“Rule of 3” art iteration

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Mech Retriever Dev Blog

Iterative refinement is a big concept in Agile Development and I’ve thought a lot looking for ways to apply the concept to Art.  Artists already use the concept of drawing a rough sketch, stick figure, or shapes, and then refining it, but it’s not quite as dramatic as iterations in Software Development.

The problem is that Software, properly written and unit-tested, is extremely malleable and can be tweaked or heavily changed endlessly.  On the other hand, redrawing/painting large sections of an artwork can be painful, since there’s no automated shortcuts or refactoring patterns established.

There are a few partial solutions to this–learning to stay loose longer, to render pictures more quickly, to put off details, or some photo-editing in digital canvases if you’re working digitally.  Most of these only apply to a point though.

Lately I’ve been working with “Rule of 3″ sketches as I call them though.  First I draw at least three roughly 1/2″ to 3/4″ thumbnail pose sketches off to the side for an artwork.  Then I pick one I like and draw it larger, like  2” tall.  Then I draw the main figure at whatever normal size in the upper center of the page.  From there, as I want to come up with details like boots, pants, face, anything, I draw at least three thumbnail sketches of different designs for that element.  Then I pick what I like, sometimes mixing or changing the designs, and draw it on the main figure.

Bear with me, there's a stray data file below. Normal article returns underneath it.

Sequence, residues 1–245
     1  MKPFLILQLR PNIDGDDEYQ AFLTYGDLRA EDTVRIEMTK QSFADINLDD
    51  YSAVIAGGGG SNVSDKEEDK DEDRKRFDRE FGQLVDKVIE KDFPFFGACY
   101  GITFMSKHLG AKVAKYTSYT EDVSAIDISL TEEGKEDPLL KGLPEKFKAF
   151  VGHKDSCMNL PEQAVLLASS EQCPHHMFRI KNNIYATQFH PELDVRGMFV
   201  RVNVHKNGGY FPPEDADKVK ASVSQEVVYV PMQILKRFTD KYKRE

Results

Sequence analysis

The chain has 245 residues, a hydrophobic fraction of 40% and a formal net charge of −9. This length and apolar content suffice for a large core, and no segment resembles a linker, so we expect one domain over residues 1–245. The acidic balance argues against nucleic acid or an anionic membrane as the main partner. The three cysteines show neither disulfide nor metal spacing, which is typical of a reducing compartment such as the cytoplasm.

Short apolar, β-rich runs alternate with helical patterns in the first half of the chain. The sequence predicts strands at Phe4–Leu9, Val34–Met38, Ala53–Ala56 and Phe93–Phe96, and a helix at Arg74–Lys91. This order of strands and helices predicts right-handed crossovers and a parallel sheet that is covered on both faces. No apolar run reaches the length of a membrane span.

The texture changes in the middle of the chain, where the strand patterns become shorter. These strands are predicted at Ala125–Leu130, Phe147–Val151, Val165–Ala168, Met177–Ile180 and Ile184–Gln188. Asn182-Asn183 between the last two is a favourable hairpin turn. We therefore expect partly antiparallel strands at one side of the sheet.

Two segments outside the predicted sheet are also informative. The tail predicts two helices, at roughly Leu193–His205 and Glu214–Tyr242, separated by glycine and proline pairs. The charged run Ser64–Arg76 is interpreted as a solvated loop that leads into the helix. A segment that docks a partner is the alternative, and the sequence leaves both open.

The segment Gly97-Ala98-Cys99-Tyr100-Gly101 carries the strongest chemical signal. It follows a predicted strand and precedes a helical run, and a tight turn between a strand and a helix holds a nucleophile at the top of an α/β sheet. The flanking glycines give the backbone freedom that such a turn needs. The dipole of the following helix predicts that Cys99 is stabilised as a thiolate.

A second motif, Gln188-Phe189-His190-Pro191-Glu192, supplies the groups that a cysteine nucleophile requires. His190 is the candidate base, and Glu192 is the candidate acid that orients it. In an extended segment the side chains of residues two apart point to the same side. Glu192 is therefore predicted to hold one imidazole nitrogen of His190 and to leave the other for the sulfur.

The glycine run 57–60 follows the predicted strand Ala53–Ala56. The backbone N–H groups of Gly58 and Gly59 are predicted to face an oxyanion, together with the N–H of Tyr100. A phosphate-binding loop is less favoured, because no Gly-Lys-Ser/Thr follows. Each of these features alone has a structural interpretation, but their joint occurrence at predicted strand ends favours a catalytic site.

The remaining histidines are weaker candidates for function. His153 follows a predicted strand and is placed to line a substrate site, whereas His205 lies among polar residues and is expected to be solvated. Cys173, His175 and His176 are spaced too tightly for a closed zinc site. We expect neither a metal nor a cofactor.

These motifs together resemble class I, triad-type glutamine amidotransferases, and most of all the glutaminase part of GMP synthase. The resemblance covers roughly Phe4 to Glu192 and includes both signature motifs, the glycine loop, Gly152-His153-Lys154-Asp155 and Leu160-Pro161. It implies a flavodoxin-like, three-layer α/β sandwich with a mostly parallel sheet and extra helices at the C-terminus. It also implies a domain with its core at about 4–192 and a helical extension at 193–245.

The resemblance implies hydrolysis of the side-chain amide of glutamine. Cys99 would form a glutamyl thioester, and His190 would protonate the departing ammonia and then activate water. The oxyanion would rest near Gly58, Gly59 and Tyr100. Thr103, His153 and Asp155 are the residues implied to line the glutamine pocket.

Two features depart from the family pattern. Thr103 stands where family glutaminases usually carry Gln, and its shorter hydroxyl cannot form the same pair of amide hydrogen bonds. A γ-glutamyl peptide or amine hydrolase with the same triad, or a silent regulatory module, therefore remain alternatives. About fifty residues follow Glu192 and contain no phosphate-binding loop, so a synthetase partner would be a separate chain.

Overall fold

It kind of turns the page into a worktable, and it’s like having legos in art.  It’s been leading to better designs and is really fun besides.  If you’re drawing a full scene, you may want to do the sketches on separate pages–or you can edit them out later digitally or by painting over them.

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